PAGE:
Someone Play the Tiniest Violin for Alchimia Studios

I want you to think about all of the failed video game Kickstarters. Think about Better Bug Games and their depressing lack of lunchables. They were just trying to keep a developer fed while he made shitty Flash games. And you denied him that. Dozens, maybe even hundreds, of indie devs denied the funds to work on their games full time.

But wait a minute. Has BBG’s coder died? Have all of these startups just given up on their dreams because no one would give them money before they even finished their first game? Pinstripe Games has flat out stated that they’re continuing to “work” on their game, despite a horrible failure of a Kickstarter. Something tells me BBG found a way to sustain the life of their programmer. It would appear that failing to acquire the requested funds made little to no difference to these companies. This obviously begs the question.. what is the funding for?

Pose that question to Alchimia Studios, and you’ll actually get an interesting response.

According to Alchimia, it will take $50,000 to fully realize Echoes of Aeons. This funding is apparently for many things, not the least of which being their music, weighing in at over 60 “fully-composed songs” – a few of which recorded with a live orchestra. Let’s set aside the fact that a little indie startup doesn’t need a live orchestra for their first title. No, more importantly, Echoes of Aeons is a fucking iPad game. You may not understand the significance of that, so allow me to explain.

There are two standard situations that a mobile game is going to be played in, audio-wise. One is with earbud headphones, most likely in a public place. The second is using the device’s speakers, most likely in the bathroom – a notoriously bad acoustic environment. In neither of these situations will it make one bit of fucking difference whether or not your music was played by a live orchestra. If you want to release a soundtrack later, if people actually like your game, then fine, go all out. But for the game itself, it’s a complete waste. You’re doing it to stroke  your ego, amongst other things.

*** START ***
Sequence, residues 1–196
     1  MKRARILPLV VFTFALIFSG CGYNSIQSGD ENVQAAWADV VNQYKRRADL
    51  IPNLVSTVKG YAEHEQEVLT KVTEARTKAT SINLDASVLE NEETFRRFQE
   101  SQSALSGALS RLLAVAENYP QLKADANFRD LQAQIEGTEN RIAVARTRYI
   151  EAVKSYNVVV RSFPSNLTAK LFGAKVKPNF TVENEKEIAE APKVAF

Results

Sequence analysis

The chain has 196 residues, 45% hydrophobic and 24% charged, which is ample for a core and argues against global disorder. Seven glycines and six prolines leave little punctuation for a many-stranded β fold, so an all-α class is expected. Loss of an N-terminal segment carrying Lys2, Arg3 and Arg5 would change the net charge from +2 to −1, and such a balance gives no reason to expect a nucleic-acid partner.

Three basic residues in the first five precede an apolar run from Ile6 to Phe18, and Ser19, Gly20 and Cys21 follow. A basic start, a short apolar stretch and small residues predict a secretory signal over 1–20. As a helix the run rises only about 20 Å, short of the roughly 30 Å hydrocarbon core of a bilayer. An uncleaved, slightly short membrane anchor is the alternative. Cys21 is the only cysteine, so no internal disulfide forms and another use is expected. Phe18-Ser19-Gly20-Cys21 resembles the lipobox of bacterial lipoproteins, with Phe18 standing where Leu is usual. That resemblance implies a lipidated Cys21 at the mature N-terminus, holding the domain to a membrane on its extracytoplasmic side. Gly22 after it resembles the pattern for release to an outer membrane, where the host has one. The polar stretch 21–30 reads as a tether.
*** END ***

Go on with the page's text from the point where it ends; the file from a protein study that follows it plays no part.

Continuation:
But don’t worry, Alchimia has more ideas on how to spend your money.They claim that they are now at a point where they need funding to hire more people to work on it. But why? With half of the art, half of the soundtrack, and “pre-alpha” (everyone loves that term now) gameplay, why can’t they just continue as they are? Well, because why would they, when they can just take your $50,000 and make everything easier on themselves? They also want cameras, to “improve [their] animation techniques”. With half of the art done, it’s a little late for that, kids. They even throw in the generic and nonsensical excuse of  “all the additional costs and fees associated with producing a top-tier RPG”. You’re probably just a gamer, and don’t know that this is bullshit, right? Alchimia hopes so.

And I just can’t end this post without talking about how the title on Alchimia’s website states “We make the best RPG’s!” Alchimia, you haven’t made shit. And with your obviously outlandish scope for this debut project, you won’t be making shit for quite some time.

And then, the whimper of a dying Kickstarter.

There will be no orchestra playing your tunes, Alchimia. If this project ever does see the light of day, it will not live up to your rosy-eyed dream of the most epic iPad adventure ever. But that will be because of your lack of experience, not dollars. This Kickstarter didn’t fail nearly as hard as you failed at understanding how game development works.


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